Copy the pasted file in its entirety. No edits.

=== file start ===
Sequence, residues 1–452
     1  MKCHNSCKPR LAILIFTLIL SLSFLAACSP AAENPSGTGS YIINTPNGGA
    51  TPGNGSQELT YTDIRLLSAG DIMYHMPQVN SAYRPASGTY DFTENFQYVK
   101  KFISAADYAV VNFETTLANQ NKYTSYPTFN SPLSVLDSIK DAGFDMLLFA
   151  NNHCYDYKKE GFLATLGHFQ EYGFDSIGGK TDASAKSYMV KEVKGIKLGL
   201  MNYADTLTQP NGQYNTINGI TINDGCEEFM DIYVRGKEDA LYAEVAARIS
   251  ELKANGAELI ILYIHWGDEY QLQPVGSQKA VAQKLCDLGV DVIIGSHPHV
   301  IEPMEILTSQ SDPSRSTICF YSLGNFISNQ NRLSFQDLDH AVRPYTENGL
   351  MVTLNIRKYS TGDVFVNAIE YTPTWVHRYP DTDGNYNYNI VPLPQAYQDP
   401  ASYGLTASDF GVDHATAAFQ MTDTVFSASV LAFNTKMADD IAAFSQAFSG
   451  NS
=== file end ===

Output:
Sequence, residues 1–452
     1  MKCHNSCKPR LAILIFTLIL SLSFLAACSP AAENPSGTGS YIINTPNGGA
    51  TPGNGSQELT YTDIRLLSAG DIMYHMPQVN SAYRPASGTY DFTENFQYVK
   101  KFISAADYAV VNFETTLANQ NKYTSYPTFN SPLSVLDSIK DAGFDMLLFA
   151  NNHCYDYKKE GFLATLGHFQ EYGFDSIGGK TDASAKSYMV KEVKGIKLGL
   201  MNYADTLTQP NGQYNTINGI TINDGCEEFM DIYVRGKEDA LYAEVAARIS
   251  ELKANGAELI ILYIHWGDEY QLQPVGSQKA VAQKLCDLGV DVIIGSHPHV
   301  IEPMEILTSQ SDPSRSTICF YSLGNFISNQ NRLSFQDLDH AVRPYTENGL
   351  MVTLNIRKYS TGDVFVNAIE YTPTWVHRYP DTDGNYNYNI VPLPQAYQDP
   401  ASYGLTASDF GVDHATAAFQ MTDTVFSASV LAFNTKMADD IAAFSQAFSG
   451  NS